CHOCOLATE. Soft drinks. Fast food and Facebook.
These are just some of life’s pleasures people have chosen to abstain from this year during the period of Lent.
In the past, it was the extras such as lollies or television that people gave up for 40 days, but now things like texting and Facebook are joining the list.
But f or some Christians, t he modern-day trend of social networking is just too tempting to give up.
Lent is the period of weekdays when Christians observe three practices of giving, fasting and prayer. Starting on Ash Wednesday, which this year fell on March 9, it goes until Easter Sunday, this year falling on April 24.
Michael Orr, a teacher at Sacred Heart Primary School in the Sydney suburb of Mosman said he was encouraging his Year 3 students to stop computer games.
‘‘ It’s tough for them. But even if they try just every second day, it’s good. Then they are free to play on Sundays,’’ he said.
‘‘ No one’s bound by Lent on Sundays.’’ He believes social networking takes up too much time in the lives of people and they don’t have time to reflect on life.
‘‘ If people spend less time on Facebook, they’ll spend more time with their family and friends,’’ he said. Adding that time is also a s acrif i ce. ‘ ‘ Because t echnology never stops, it’s important, especially with what is happening in Japan, to stop and reflect and think about these issues.
‘‘ Lent is not a depravation, it’s a time to look at who we are,’’ Orr said.
Year 12 St Mary’s Cathedral College student, Alex, said usually he choose to abstain from fast food or sweets, but this year he was trying to cut down on the time he spends
SACRIFICE: Lent is the period between Ash Wednesday and Easter Sunday when Christians give, fast and pray on the internet. ‘‘ Normally, I would use the internet every day. For Lent I’m trying to stop procrastinating on it. I feel better. It ( social networking) is a big part of our lives,’’ said the 17-year-old.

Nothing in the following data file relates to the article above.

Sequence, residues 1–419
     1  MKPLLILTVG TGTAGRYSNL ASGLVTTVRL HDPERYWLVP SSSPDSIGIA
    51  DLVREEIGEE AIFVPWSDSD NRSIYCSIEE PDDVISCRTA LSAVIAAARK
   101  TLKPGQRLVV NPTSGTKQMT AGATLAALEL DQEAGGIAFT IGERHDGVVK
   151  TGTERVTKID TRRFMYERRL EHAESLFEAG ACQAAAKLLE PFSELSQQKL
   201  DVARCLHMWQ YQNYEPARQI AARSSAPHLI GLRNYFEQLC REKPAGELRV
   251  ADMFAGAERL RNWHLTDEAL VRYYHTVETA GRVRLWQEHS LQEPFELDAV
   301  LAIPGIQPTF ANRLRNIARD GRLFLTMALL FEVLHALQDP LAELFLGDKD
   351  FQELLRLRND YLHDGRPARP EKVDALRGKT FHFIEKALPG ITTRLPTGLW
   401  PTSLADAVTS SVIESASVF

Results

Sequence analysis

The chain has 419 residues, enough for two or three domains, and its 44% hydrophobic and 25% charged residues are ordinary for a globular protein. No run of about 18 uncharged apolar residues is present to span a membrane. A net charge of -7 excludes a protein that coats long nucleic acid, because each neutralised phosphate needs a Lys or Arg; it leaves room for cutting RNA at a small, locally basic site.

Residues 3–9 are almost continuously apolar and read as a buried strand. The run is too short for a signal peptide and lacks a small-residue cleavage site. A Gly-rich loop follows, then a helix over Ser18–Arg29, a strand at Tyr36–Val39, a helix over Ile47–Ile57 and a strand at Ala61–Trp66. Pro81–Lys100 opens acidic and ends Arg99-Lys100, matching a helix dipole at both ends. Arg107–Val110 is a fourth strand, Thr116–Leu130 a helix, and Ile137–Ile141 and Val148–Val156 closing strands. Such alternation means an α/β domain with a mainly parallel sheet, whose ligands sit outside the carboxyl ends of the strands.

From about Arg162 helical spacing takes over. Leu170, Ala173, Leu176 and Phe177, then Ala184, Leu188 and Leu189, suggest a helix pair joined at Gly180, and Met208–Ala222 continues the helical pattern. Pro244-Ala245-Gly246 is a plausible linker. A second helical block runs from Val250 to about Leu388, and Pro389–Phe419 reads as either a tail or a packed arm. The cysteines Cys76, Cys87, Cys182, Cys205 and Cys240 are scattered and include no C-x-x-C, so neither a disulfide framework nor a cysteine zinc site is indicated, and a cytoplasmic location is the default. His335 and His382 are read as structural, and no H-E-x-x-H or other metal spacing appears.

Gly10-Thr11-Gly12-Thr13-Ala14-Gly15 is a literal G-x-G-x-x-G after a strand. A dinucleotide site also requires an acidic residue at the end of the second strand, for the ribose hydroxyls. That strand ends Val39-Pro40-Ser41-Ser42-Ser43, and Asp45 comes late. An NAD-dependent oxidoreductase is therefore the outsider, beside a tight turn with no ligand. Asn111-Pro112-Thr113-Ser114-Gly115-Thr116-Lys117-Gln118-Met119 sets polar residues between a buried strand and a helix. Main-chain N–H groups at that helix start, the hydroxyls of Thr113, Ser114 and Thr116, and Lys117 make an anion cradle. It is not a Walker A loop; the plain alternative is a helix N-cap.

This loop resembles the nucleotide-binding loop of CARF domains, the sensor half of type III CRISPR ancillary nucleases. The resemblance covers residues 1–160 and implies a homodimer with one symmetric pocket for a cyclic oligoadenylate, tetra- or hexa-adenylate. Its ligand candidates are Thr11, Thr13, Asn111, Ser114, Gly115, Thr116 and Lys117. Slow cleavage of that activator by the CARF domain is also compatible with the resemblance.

With more than 500 million users, Facebook is a big part of many people’s daily routine. People spend more than 700 billion minutes per month on Facebook, and according t o U S m o n i t o r i n g c o m p a n y , Pingdom, the average Facebook user is 38-years-old.
Brisbane-based Danielle King, 39, said when she was younger she’d try and stop eating l ollies during Lent.‘‘ I’d try and be smart and tell my parents etables.’’
Going to a Catholic school in Griffith, NSW, she said Lent was a big part of the year.
Today, she said it would be impossible for her to give up Facebook and all forms of social networking for 40 days.
‘‘ I’d feel like my right arm was cut off. I’m a social media butterfly. I’m on it all day – even from work.’’
King admited she was addicted to Facebook and uploads her site most days with new messages and photos – especially because her family was interstate.
‘‘ I have a friend who is giving up
veg- texting for Lent. She sent a message ( at the beginning of Lent) asking people to respect her wish. But for me it would be very, very difficult to stop.’’
A n o t h e r S y d n e y s t u d e n t , Lawrence, 17, said the priest giving the Ash Wednesday liturgy had asked the St Mary’s Cathedral College students to try giving up something different for Lent such as social networking. ‘‘ It’s a modern way of approaching Lent which is good,’’ he said. Not being a big user of Facebook, Lawrence has chosen non-physical abstinence this year – he’s vowed to stop arguing with his brothers and sisters.